Golu Dolls

An eclectic mix of Golu dolls.
Image courtesy: Priya Iyer

The homespun charm of Golu during Navaratri in South India is primarily due to the display of colourful dolls or bommai. The delicate things are made of soft earth and glow with glaze, gold pigments, colours, motifs and designs. The Golu dolls are seasonal showpieces made to grace the home only during these auspicious days and are displayed as a festive collection.

In former centuries Navaratri dolls were made by craftsmen from Vandipalayam, near Cuddalore in Tamil Nadu. The Kullalar community of potters made fine dolls using clay from the banks of River Kedilam which had the right amount of sand and clay deposits suited for fashioning these intricate dolls. Colourful clay dolls were initially painted with vegetable dyes. In modern times, plastic colours contribute to their sheen.

Incredibly cute dolls such as these make the festivities much more cheerful.
Image courtesy: Priya Iyer

The dolls of any Golu are a combination of religious, mythological and secular character. Animals and plants form a part of the Golu too.

While the top tiers of a Golu are meant for figures of gods and goddesses (The Dasavataram dolls, Arupadaiveedu Murugan dolls, the Ashtalakshmi or eight goddesses are hugely popular), saints, singers, poets like Thyagaraja or Muthuswami Dikshitar are also displayed. Secular tableaus include dolls of shopkeepers, merchants like the Chettiar and Chettitichi dolls, a wedding procession, a cricket team playing on a field, pretty vegetable sellers, farmers, flower sellers. The odd nationalist figures like Gandhi or Nehru in a sola topi can be spotted too standing sagely in divine company. Kondapalli wooden Raja-Rani dolls called Marapachi dolls are a must in every Golu collection.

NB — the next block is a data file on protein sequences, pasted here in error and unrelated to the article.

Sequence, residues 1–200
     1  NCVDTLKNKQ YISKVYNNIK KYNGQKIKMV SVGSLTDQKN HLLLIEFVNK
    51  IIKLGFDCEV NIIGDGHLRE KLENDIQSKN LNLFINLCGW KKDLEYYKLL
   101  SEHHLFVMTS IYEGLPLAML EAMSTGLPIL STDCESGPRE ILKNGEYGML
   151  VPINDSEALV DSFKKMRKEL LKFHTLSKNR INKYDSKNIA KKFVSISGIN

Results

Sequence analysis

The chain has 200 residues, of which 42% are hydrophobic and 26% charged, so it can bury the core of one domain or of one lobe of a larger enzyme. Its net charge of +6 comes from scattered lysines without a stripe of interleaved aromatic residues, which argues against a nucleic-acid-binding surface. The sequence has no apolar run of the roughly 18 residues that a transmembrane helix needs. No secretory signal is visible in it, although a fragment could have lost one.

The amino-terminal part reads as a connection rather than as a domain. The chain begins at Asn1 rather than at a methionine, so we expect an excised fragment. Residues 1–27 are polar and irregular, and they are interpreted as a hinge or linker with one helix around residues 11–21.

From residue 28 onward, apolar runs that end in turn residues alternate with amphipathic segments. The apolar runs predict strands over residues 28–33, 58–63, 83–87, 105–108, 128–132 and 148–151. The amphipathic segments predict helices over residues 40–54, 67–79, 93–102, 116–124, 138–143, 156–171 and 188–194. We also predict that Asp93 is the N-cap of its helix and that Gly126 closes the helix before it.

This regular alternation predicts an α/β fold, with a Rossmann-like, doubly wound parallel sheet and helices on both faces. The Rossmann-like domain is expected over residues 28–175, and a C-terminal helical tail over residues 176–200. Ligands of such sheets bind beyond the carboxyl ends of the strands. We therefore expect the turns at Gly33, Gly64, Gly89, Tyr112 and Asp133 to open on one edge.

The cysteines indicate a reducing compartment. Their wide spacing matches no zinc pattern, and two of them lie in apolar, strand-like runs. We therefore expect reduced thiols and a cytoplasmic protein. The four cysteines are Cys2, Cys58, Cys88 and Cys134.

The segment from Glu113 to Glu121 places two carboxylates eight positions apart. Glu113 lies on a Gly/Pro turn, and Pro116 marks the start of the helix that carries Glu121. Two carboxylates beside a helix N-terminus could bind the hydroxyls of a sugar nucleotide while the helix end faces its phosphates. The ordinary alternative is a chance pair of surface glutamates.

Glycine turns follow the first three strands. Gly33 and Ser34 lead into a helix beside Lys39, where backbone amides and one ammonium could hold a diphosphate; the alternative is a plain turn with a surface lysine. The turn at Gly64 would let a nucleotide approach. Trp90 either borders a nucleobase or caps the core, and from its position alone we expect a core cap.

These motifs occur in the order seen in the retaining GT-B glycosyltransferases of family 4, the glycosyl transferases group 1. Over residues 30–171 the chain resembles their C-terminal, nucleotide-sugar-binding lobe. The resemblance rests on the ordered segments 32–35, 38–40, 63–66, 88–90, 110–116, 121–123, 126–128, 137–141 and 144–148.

The colourful dolls often become part of a treasured collection.
Image courtesy: Priya Iyer

The bottom tiers and the floor around the Golu space are earmarked for clay dolls, wooden ones and rag dolls too. Choppu or a children’s kitchen set and doll houses are also displayed to please the little girls of the families. In modern times, don’t be surprised if you see children putting up their Barbies or Ben10 plastic toys too. Grasslands using mustard seeds are grown to resemble miniature tableau of gardens, jungles, woods with tiny figurines of birds and animals, little ponds or water bodies are also displayed depending on the DIY talent of the family.

With fairy lights sparkling and in the glow of silver lamps, incense and fragrance of joss sticks and floral offerings, the dolls of any Golu add colour to the Navaratri occasion.


The photographer Priya Iyer was born in India, raised in the Persian Gulf and lives in the United States. She can be found at her blog Once Upon A Tea Time.